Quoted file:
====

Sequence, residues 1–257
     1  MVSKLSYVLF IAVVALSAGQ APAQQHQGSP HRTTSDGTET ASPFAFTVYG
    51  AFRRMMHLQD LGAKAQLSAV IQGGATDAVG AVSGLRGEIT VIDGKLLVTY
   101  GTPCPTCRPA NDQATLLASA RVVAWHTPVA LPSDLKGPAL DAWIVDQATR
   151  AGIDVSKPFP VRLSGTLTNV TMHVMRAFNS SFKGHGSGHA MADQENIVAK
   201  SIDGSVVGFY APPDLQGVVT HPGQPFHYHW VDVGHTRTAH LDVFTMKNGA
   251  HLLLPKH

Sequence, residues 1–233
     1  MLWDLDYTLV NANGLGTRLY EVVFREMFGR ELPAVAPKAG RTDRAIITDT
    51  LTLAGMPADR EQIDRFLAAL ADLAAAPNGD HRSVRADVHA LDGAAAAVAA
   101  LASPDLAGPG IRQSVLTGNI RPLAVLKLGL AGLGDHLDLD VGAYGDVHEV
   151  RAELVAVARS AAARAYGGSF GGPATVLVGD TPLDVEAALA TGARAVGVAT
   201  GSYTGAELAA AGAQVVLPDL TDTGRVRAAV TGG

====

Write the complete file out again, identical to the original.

Sequence, residues 1–257
     1  MVSKLSYVLF IAVVALSAGQ APAQQHQGSP HRTTSDGTET ASPFAFTVYG
    51  AFRRMMHLQD LGAKAQLSAV IQGGATDAVG AVSGLRGEIT VIDGKLLVTY
   101  GTPCPTCRPA NDQATLLASA RVVAWHTPVA LPSDLKGPAL DAWIVDQATR
   151  AGIDVSKPFP VRLSGTLTNV TMHVMRAFNS SFKGHGSGHA MADQENIVAK
   201  SIDGSVVGFY APPDLQGVVT HPGQPFHYHW VDVGHTRTAH LDVFTMKNGA
   251  HLLLPKH

Sequence, residues 1–233
     1  MLWDLDYTLV NANGLGTRLY EVVFREMFGR ELPAVAPKAG RTDRAIITDT
    51  LTLAGMPADR EQIDRFLAAL ADLAAAPNGD HRSVRADVHA LDGAAAAVAA
   101  LASPDLAGPG IRQSVLTGNI RPLAVLKLGL AGLGDHLDLD VGAYGDVHEV
   151  RAELVAVARS AAARAYGGSF GGPATVLVGD TPLDVEAALA TGARAVGVAT
   201  GSYTGAELAA AGAQVVLPDL TDTGRVRAAV TGG